Oral administration of S-nitroso-L-glutathione (GSNO) provides anti-inflammatory and cytoprotective effects during ocular bacterial infections

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Cellular and molecular life sciences


Bacterial endophthalmitis is a severe complication of eye surgeries that can lead to vision loss. Current treatment involves intravitreal antibiotic injections that control bacterial growth but not inflammation. To identify newer therapeutic targets to promote inflammation resolution in endophthalmitis, we recently employed an untargeted metabolomics approach. This led to the discovery that the levels of S-nitroso-L-glutathione (GSNO) were significantly reduced in an experimental murine Staphylococcus aureus (SA) endophthalmitis model. In this study, we tested the hypothesis whether GSNO supplementation via different routes (oral, intravitreal) provides protection during bacterial endophthalmitis. Our results show that prophylactic administration of GSNO via intravitreal injections ameliorated SA endophthalmitis. Therapeutically, oral administration of GSNO was found to be most effective in reducing intraocular inflammation and bacterial burden. Moreover, oral GSNO treatment synergized with intravitreal antibiotic injections in reducing the severity of endophthalmitis. Furthermore, in vitro experiments using cultured human retinal Muller glia and retinal pigment epithelial (RPE) cells showed that GSNO treatment reduced SA-induced inflammatory mediators and cell death. Notably, both in-vivo and ex-vivo data showed that GSNO strengthened the outer blood-retinal barrier during endophthalmitis. Collectively, our study demonstrates GSNO as a potential therapeutic agent for the treatment of intraocular infections due to its dual anti-inflammatory and cytoprotective properties.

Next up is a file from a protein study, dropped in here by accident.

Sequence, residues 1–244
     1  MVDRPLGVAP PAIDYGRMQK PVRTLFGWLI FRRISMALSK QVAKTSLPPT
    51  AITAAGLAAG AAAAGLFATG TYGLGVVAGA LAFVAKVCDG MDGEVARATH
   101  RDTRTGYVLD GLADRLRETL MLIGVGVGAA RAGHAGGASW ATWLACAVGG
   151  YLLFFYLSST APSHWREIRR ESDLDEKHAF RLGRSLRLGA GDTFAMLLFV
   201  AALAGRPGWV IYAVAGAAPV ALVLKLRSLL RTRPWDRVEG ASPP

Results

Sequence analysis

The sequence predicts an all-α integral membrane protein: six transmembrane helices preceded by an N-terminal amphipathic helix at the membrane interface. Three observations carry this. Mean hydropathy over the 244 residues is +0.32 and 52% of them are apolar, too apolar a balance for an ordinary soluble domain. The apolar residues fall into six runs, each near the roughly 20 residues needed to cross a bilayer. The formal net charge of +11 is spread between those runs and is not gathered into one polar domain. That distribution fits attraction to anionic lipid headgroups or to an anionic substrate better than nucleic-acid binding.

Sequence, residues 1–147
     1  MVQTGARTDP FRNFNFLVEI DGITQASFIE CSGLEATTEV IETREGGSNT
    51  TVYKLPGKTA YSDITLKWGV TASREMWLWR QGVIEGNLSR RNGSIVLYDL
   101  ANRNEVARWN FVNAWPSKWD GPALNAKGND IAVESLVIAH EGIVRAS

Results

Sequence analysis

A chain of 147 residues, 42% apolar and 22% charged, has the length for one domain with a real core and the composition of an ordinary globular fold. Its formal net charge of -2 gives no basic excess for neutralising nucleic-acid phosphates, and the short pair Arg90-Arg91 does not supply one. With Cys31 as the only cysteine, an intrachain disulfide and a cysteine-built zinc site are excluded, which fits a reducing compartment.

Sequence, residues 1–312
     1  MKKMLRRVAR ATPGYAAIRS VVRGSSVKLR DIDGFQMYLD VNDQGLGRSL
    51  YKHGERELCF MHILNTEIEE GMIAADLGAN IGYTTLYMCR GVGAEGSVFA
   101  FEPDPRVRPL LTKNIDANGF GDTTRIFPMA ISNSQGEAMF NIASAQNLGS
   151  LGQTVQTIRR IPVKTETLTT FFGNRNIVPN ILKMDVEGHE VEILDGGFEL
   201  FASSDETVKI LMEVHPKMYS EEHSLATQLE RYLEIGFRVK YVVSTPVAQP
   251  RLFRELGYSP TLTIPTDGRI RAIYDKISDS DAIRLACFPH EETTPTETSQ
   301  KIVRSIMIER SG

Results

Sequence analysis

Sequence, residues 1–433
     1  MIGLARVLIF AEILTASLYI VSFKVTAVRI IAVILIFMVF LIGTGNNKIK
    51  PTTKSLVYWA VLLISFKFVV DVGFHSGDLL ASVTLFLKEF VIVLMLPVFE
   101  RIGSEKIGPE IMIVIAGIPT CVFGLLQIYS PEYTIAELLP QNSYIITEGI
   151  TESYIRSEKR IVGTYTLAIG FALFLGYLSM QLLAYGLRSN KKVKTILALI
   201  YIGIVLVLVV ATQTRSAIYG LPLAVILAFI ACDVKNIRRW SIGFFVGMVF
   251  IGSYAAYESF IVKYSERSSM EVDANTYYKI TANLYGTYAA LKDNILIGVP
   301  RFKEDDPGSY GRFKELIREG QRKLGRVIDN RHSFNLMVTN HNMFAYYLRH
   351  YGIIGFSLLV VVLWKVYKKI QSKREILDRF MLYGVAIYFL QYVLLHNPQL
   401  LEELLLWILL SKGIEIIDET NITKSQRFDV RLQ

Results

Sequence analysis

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Mice; Humans; Animals; Disease Models, Animal; Endophthalmitis; Staphylococcal Infections; Inflammation; Staphylococcus aureus; Anti-Inflammatory Agents; Glutathione; Eye Infections, Bacterial; Anti-Bacterial Agents; Administration, Oral

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